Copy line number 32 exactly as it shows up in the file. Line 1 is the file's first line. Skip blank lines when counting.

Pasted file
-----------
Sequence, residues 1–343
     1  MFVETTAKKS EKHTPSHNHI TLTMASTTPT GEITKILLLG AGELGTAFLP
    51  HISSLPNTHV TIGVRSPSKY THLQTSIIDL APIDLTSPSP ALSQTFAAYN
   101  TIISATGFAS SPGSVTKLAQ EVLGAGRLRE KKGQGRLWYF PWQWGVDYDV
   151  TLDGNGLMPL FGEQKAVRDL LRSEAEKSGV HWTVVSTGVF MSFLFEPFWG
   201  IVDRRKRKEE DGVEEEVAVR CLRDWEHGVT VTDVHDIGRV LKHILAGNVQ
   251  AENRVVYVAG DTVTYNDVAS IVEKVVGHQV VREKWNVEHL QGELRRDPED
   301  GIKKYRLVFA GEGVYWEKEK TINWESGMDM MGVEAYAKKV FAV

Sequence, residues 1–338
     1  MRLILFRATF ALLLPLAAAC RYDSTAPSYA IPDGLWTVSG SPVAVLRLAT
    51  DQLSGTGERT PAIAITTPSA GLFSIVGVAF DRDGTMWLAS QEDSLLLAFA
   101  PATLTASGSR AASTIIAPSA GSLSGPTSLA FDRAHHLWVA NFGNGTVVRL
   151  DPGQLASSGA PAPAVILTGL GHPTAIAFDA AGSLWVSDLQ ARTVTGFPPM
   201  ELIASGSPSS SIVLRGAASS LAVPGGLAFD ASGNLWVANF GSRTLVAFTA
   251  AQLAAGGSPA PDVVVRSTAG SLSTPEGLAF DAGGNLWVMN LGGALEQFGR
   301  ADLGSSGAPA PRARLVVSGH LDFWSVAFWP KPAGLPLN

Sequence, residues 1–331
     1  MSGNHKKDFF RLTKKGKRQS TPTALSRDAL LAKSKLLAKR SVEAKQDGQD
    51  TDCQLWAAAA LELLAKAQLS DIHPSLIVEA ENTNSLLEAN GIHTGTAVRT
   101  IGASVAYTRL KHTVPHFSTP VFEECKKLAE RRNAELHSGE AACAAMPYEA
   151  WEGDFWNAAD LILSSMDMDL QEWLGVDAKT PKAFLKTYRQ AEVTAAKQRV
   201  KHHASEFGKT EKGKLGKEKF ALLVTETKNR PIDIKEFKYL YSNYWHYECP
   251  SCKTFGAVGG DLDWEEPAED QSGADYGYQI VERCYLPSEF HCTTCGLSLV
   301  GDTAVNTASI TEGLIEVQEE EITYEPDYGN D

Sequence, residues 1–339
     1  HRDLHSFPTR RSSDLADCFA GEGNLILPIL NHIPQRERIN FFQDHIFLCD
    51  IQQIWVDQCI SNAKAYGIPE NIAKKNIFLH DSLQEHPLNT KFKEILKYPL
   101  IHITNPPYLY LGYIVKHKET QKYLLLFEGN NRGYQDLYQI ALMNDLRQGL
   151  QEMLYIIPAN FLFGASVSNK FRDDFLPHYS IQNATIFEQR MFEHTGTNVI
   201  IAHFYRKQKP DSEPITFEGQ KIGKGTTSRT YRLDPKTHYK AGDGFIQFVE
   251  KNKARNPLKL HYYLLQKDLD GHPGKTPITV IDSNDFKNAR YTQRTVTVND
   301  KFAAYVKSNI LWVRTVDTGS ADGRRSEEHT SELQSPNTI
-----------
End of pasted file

   301  KFAAYVKSNI LWVRTVDTGS ADGRRSEEHT SELQSPNTI